One of the IoT security issues we explore in June's awareness module is the use of compromised things as platforms for further attacks - for example not just spying on people but spreading malware or launching exploits against corporate systems and networks, including other things.
While the preceding brief paragraph hopefully makes perfect sense to those who already have a reasonable understanding or appreciation of IoT security, it won't resonate with everyone. Although 'compromise', 'platform', 'attack' and 'exploit' are ordinary everyday English words, we're using them here in a particular context with quite specific meanings. The distinction is important in awareness because we are addressing people with varying levels of knowledge and understanding, ranging from next-to-nothing up to expert. It's fine for them to take away different things from the awareness materials just so long as they all have a reasonable grasp of the same core messages, the learning points. Those form the common ground that we hope will enable and stimulate people to chat about information security matters among themselves, thereby socializing security and ultimately behaving more securely.
One way to tackle the conundrum is to explain ourselves in writing, clarifying precisely what we really mean. That's entirely appropriate and necessary in some cases ... but if over-used the technique quickly becomes tedious*, especially for those towards the high end of the notional expertise scale. Written explanations are a useful means to explain neologisms (newly-coined words) as you see. Written content suits people who enjoy reading, contemplating and learning. It is hard to write about complex topics and nebulous concepts (of which there is no shortage in this field, 'security awareness' for instance!), and especially challenging to write clearly for significant segments of the awareness audience who don't really enjoy or have the time to get into this stuff. After all, that's the very reason we are into awareness!
Another approach would be to explain what we really mean in person, interacting with the audiences (whether individually or in groups), empathizing and responding to their body language (such as puzzled looks) as well as addressing their vocalized questions and comments. Face-to-face interaction is a very powerful and effective way to communicate, making it the most valuable awareness-raising technique. However since we can't personally interact with our customers' workers on a regular basis, we provide customers with the content and motivation to do it themselves ... and that's where things get really interesting. We're doing awareness-by-proxy.
Aside from conventional written awareness materials, we find graphics extremely useful because:
- They are visually appealing, stimulating and engaging, especially for those who don't enjoy or need a break from reading, or indeed talking ('death by PowerPoint' can be an issue for the presenter as well as the audience!);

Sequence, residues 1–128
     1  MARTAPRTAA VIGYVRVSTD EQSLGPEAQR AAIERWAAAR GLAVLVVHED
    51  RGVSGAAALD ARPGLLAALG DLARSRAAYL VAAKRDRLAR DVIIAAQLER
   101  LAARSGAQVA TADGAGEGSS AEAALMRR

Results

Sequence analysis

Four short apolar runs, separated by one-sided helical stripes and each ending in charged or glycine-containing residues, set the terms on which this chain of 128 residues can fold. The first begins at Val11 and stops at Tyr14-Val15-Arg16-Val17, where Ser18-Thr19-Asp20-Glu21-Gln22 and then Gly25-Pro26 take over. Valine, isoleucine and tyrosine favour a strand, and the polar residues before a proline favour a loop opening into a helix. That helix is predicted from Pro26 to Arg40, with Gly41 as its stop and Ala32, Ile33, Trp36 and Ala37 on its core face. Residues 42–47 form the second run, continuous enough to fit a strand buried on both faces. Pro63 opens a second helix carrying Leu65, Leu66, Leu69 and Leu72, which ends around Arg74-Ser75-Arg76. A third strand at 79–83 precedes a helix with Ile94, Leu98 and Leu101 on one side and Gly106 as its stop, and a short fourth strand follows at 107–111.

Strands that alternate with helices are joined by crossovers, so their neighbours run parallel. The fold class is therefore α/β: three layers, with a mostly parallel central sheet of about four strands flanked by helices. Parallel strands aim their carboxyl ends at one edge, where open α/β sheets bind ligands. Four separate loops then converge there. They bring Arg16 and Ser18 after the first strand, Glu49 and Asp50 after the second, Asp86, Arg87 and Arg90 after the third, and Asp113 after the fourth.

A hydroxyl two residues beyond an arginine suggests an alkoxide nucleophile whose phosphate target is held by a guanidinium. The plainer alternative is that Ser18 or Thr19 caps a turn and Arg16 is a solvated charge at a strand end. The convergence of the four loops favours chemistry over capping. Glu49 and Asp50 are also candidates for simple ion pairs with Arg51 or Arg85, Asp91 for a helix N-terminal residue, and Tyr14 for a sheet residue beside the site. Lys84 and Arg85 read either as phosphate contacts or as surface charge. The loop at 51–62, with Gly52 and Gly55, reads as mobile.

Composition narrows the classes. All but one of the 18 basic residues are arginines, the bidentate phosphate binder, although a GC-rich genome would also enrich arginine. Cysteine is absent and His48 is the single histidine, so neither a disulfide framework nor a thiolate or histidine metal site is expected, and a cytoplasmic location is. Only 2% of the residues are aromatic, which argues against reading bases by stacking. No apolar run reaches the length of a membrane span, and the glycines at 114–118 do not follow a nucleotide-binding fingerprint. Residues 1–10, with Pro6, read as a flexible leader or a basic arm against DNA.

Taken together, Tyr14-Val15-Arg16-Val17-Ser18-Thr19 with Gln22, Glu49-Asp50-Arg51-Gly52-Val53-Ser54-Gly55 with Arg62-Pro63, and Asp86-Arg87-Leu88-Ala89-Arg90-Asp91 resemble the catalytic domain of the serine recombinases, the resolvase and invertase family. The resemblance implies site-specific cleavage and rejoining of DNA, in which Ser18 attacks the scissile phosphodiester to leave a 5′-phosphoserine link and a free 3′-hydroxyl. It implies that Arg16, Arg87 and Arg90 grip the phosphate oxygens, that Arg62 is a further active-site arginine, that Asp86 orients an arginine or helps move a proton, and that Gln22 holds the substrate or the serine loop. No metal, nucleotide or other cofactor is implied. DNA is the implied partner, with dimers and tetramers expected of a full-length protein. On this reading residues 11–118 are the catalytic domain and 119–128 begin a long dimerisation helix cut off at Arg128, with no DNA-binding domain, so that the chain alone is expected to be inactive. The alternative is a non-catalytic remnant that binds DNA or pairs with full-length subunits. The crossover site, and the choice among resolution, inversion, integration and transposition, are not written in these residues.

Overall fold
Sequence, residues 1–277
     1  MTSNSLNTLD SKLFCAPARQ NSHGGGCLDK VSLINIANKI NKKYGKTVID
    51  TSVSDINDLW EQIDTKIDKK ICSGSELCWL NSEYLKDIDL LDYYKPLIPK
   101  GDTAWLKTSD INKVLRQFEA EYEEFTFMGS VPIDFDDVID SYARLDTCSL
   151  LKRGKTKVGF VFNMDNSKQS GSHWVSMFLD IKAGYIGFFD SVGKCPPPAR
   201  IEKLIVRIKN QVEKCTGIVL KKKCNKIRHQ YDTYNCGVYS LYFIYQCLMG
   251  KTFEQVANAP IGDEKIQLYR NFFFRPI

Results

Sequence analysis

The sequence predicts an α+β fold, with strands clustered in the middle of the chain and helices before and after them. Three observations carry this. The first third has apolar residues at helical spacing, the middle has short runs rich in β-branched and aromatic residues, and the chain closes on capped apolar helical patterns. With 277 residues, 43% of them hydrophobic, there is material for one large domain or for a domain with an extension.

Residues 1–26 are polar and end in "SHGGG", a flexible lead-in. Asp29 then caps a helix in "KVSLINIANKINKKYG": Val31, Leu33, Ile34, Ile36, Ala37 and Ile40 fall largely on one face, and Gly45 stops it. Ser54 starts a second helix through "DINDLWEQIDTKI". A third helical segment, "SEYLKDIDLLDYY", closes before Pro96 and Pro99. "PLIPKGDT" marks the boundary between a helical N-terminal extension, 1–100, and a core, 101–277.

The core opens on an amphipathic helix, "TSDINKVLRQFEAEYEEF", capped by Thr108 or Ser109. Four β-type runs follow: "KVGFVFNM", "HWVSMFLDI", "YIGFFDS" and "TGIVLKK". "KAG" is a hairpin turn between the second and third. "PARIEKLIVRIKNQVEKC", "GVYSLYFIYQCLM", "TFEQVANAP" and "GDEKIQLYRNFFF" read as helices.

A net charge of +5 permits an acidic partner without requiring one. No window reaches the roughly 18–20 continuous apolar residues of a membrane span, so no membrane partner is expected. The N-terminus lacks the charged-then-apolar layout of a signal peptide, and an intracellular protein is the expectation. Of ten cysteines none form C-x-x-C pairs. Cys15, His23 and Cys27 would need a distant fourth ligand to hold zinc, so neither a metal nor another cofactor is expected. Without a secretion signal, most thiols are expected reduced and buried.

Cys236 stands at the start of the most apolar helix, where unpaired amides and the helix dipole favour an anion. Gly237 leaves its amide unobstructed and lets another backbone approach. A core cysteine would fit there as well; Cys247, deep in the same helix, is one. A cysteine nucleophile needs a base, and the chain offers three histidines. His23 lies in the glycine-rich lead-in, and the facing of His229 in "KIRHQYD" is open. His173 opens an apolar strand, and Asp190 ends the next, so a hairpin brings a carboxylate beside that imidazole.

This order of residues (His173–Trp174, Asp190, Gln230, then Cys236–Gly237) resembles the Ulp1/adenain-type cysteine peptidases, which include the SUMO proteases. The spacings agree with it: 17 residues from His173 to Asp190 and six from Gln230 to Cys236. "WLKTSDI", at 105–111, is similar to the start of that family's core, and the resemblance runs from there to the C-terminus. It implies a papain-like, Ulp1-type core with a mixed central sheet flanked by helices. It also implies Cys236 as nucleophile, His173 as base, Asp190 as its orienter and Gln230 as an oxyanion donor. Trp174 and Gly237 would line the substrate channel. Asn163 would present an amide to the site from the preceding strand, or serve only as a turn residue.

- They are universal, unlike English: complex technical documentation can be especially tough going for those who aren't fluent English speakers;
- They succinctly express a huge amount of information, not just the literal content but also those ephemeral concepts I mentioned, plus relationships within and beyond the topic area;
- It is straightforward for us to emphasize important stuff and down-play other aspects through judicious choice of images, sizes, colors, juxtaposition and overlays such as words, boxes, lines and arrows;
- They prompt the audience to ponder the topic and internalize the points we've emphasized (hopefully!);
- They are interpreted, live in real time, both by the presenter and the audience, putting across the intended learning points at least but there's plenty of latitude here, far more so than with descriptive text. The particular organizational and social context is often important, such as when someone draws parallels with IoT incidents they have personally experienced.
Here's an illustrative example (literally!) - an awareness image used as a PowerPoint slide concerning the use of things as attack platforms, jumping off points:
There are just 5 words overlaid on the slide and even they aren't strictly necessary if the seminar facilitator understands the message, points out the constituent parts and explains their meaning ... which I'm not going to do for you now. See what you make of it!
You've probably noticed a similar approach with the awareness poster thumbnails scattered throughout this blog and the NoticeBored website.
With very few words, the poster images are meant to make people puzzle over the meaning, thinking for themselves and chatting with their colleagues.
We're explicitly aiming to catch their imaginations, stimulate contemplation and encourage discussion.
The other awareness materials and activities help fill-in-the-gaps so we don't feel the need to explain everything on the posters. In fact that kind of spoon-feeding would be counterproductive.
Along similar lines, we use Visio graphics quite a lot, including mind-maps and diagrams, PIGs for instance.
But that's more than enough words from me for today. Something for you to ponder over the weekend?
* It's ironic that this blog is so wordy. Sorry. [Note to self: cut the words, boost the graphics! Explore vlogging maybe?]